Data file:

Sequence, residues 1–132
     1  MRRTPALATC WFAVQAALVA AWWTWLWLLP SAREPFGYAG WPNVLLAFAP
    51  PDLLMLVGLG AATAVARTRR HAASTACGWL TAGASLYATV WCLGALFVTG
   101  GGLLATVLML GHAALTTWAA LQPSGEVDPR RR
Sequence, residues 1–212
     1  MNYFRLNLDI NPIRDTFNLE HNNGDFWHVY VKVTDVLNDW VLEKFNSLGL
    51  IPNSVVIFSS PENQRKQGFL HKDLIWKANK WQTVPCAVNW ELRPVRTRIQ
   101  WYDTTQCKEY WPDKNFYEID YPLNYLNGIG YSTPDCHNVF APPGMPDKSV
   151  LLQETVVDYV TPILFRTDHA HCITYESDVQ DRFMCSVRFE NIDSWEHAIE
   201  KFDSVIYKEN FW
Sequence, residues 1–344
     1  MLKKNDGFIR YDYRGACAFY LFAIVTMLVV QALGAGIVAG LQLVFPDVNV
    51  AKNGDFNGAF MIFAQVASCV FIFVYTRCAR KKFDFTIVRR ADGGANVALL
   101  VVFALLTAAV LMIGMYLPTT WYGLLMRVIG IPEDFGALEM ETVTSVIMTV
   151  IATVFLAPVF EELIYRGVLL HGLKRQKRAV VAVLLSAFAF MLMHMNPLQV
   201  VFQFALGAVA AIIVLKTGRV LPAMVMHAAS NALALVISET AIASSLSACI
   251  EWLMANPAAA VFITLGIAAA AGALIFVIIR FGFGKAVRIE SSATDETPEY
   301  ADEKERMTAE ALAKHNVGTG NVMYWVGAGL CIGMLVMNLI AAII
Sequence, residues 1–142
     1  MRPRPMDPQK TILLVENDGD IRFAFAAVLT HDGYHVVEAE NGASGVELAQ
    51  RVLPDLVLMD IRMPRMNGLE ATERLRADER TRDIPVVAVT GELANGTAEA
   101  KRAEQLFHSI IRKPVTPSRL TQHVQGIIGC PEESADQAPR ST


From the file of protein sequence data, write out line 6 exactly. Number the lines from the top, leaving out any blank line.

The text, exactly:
     1  MNYFRLNLDI NPIRDTFNLE HNNGDFWHVY VKVTDVLNDW VLEKFNSLGL